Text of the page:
Why It Matters: Etiology and Treatment

This photo depicts a large group of people sitting in a circle on the beach.

Figure 1. Many forms of therapy have been developed to treat a wide array of problems. These marines who served in Iraq and Afghanistan, together with community mental health volunteers, are part of the Ocean Therapy program at Camp Pendleton, a program in which learning to surf is combined with group discussions. The program helps vets recover, especially vets who suffer from post-traumatic stress disorder (PTSD).

Why does one person in a family develop depression while the other sibling does not? If a person’s parent or parents were alcoholic, what is the chance that their children will develop the same disorder? These are questions related to etiology—the causes of mental disorders. You have already learned about the history of how people and clinicians attempted to explain the development of mental disorders and some of the early treatments that were used as a result of those explanations. In this module, we will expand on what you have learned by exploring the best current scientific understanding of what causes mental disorders, discuss how they arise, and introduce how they can be treated. Understanding these issues is essential to combating the stigma against mental disorders and helping all of us and society find better ways to support those who are struggling with symptoms.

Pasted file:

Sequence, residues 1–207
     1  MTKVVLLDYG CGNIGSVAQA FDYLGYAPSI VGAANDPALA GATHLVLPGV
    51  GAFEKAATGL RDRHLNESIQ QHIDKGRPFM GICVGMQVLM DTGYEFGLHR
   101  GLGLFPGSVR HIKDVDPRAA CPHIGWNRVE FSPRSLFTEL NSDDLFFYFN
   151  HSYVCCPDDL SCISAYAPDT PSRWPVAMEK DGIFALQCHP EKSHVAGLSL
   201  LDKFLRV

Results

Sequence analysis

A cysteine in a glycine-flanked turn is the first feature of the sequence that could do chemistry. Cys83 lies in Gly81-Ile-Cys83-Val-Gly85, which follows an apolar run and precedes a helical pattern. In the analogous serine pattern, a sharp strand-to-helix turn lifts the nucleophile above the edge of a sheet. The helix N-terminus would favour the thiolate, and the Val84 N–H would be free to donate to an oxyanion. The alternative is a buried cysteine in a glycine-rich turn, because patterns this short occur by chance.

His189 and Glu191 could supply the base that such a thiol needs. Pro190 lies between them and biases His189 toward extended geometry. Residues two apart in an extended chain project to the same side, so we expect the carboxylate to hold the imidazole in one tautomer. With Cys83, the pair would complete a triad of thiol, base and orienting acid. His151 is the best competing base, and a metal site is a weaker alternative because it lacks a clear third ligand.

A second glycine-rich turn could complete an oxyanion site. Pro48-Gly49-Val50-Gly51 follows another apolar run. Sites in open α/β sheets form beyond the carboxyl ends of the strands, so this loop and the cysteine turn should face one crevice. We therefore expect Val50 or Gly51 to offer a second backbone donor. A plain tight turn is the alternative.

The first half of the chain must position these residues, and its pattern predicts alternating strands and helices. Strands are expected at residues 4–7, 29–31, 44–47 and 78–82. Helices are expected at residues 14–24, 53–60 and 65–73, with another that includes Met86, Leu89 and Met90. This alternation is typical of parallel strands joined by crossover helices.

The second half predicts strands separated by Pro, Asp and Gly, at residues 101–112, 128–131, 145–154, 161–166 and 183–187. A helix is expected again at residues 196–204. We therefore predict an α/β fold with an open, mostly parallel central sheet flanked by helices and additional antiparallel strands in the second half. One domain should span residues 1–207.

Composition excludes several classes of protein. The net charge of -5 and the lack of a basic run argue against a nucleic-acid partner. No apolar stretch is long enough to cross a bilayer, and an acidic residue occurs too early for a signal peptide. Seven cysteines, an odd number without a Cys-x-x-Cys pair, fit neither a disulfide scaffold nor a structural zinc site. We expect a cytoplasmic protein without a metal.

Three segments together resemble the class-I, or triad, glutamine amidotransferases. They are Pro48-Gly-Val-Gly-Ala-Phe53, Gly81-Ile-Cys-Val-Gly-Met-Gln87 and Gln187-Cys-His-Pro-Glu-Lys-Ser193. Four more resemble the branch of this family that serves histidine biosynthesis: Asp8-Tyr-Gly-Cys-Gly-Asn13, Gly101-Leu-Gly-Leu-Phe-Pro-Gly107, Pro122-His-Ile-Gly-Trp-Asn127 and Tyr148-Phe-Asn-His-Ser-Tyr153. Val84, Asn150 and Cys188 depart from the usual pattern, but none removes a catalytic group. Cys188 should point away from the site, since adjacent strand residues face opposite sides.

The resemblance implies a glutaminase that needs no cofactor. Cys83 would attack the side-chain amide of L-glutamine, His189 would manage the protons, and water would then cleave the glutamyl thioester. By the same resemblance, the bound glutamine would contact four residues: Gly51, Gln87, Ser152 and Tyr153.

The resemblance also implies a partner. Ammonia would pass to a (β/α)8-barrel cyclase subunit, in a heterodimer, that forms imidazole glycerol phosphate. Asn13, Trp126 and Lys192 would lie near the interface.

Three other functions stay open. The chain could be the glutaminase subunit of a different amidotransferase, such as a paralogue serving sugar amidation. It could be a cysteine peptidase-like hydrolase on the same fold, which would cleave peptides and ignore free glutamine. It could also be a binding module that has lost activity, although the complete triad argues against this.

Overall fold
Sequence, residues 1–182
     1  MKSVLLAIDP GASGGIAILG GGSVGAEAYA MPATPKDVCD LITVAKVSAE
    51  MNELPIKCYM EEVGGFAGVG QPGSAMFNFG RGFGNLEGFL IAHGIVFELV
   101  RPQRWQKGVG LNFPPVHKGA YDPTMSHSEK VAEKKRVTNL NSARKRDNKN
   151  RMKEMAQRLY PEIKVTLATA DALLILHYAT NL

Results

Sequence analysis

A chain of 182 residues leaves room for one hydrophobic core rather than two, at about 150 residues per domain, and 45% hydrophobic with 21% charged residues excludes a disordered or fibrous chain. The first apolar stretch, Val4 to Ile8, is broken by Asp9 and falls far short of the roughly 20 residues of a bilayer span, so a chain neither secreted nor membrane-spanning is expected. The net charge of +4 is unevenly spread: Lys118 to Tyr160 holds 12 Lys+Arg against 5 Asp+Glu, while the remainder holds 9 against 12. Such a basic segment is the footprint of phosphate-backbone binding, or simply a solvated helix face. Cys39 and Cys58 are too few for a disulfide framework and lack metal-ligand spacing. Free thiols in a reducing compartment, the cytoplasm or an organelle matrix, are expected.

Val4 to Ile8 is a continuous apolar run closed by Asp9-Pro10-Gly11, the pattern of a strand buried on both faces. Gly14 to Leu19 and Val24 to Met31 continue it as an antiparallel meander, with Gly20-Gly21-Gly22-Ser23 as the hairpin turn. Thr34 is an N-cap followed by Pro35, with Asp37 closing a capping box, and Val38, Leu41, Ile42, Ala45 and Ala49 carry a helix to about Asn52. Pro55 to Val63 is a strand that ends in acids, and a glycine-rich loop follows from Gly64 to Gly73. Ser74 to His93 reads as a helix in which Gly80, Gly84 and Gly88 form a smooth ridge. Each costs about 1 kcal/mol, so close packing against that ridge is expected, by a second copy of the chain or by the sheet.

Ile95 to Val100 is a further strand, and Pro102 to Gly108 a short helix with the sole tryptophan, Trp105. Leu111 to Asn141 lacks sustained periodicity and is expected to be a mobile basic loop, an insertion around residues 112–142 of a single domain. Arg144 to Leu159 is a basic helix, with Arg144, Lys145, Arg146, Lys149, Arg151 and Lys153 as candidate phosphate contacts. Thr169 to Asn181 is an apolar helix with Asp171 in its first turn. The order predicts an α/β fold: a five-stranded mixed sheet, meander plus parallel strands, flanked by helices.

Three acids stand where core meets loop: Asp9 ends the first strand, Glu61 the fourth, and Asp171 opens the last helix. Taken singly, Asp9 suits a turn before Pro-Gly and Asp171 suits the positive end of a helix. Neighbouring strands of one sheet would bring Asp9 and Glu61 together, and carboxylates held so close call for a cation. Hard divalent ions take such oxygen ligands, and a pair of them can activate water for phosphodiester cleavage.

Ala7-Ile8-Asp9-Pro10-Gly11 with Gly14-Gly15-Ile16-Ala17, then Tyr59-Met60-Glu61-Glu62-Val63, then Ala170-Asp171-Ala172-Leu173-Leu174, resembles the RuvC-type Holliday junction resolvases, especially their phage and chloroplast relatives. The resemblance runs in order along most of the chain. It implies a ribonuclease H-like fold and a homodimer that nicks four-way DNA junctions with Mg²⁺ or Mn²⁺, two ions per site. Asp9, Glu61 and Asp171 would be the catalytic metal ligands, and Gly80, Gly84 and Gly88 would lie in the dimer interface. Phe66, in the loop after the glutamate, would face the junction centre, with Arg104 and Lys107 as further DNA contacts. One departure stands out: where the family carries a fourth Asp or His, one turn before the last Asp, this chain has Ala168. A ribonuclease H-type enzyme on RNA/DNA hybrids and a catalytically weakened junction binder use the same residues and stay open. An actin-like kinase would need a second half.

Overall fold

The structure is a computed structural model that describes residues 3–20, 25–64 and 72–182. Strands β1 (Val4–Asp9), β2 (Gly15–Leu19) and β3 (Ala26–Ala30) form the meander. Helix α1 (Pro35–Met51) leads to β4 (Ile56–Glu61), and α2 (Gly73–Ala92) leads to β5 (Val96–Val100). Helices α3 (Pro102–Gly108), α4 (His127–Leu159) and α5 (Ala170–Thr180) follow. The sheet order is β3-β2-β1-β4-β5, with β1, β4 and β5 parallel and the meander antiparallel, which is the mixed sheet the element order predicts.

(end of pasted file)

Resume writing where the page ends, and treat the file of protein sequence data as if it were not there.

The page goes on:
In this module, you will see that treatment approaches to mental illness include biological, psychological, and social interventions, all with the goal of alleviating distress and enhancing the person’s ability to cope. Because psychological problems can originate from various sources—biology, genetics, childhood experiences, conditioning, and sociocultural influences—clinicians have developed many different therapeutic techniques and approaches. The Ocean Therapy program shown in Figure 1 uses multiple approaches to support the mental health of veterans in the group.